• CH Buddy Winn


On July 12, 1864 as the Confederate army approached Washington, D.C., a high-ranking Union officer climbed the fort’s parapet to personally survey the situation and came under fire from rebel snipers. This officer was the commander-in-chief, President Abraham Lincoln, who had left the safety of the White House, opting to join his troops at the front, observe, encourage and chart the course. It is the only time in American history in which a sitting president came under direct fire from an enemy combatant. Lincoln had a track record of staying engaged and leading from the front. In prior years he visited several generals on battlefields: McClellan at Antietam, Hooker at Charlottesville and Burnside at Fredericksburg. The Confederate’s advance toward Washington ended that day at Fort Stevens.

Gen. George S. Patton said, “It is nearly impossible to remain both aloof and effective.” Patton was right, and he walked his talk. In nine months and eight days his Third Army went farther and faster than any other Army in history. Army leaders can learn from his example of staying visible, accessible and engaged during crisis. Unfortunately, crisis often drives leaders behind closed doors instead of out to the trenches.

In the days after Sept. 11, New York City Mayor Rudolph Giuliani exhaustively pounded the streets modeling visibility and accessibility while he consoled, encouraged, communicated, planned and executed strategy for rescue and cleanup. He attended more than 100 funerals, held daily briefings and consulted incessantly with others. He did not hide in his office, reading reports, pondering budgets and digesting second-hand information.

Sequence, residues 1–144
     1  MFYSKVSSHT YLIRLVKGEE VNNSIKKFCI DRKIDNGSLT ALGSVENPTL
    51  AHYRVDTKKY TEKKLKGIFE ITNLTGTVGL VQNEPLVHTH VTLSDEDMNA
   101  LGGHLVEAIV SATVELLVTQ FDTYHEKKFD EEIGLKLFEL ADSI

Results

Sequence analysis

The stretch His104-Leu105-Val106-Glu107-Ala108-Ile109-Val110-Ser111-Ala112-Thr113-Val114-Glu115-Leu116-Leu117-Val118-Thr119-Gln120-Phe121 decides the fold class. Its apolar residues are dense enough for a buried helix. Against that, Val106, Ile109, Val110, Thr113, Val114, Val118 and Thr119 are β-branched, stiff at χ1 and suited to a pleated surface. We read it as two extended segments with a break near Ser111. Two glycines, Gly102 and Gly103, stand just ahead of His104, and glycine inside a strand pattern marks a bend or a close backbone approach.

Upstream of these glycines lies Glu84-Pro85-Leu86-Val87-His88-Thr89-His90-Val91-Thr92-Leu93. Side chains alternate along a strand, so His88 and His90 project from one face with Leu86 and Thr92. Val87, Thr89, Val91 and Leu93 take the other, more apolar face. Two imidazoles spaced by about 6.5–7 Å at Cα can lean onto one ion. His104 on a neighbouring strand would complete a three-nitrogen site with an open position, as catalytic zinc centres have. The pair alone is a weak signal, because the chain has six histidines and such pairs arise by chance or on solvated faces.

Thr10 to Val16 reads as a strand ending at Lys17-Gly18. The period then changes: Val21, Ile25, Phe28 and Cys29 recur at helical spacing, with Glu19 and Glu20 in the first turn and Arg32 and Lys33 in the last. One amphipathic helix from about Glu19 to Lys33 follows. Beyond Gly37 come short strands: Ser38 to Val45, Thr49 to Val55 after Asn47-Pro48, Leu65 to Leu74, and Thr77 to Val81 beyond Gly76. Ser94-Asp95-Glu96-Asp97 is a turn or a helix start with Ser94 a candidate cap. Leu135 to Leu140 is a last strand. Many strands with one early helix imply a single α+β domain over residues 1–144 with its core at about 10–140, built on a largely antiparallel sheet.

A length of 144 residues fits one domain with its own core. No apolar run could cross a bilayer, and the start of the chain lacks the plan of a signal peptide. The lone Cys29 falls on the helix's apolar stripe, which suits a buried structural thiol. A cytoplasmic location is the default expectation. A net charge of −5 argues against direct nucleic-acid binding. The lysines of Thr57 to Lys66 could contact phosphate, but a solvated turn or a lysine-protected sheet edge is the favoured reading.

After coming down from Mount Sinai with the Ten Commandments inscribed on stone tablets, Moses encountered his people in rebellion against God after they had built and began to worship a golden calf. Moses acted quickly to bring order out of the chaos of disobedience, saying, "Whosoever is on the LORD'S side, let him come unto me." Exodus 32:26

In crisis, a team of leaders with a balance of complementary skills and talents can move more quickly and effectively. This is where having developed capable, lateral leaders at all levels in your organization pays big dividends and often means the difference between survival and extinction. In fact, a hierarchy is the worst possible model in crisis and the organizations burdened by one will fail. The key is to be proactive and build your dream team before disaster hits. Why? Because tough times won’t create leaders. They show you what kind of leaders you already have.

Leader Prayer: Lord, the crisis is on it's way - and no matter how I try, nothing can fully prepare me for it. But I know I will find myself strengthened by you no matter the circumstances. Give me the courage to follow your will, to lead with compassion, and to bring glory to your name. Amen.

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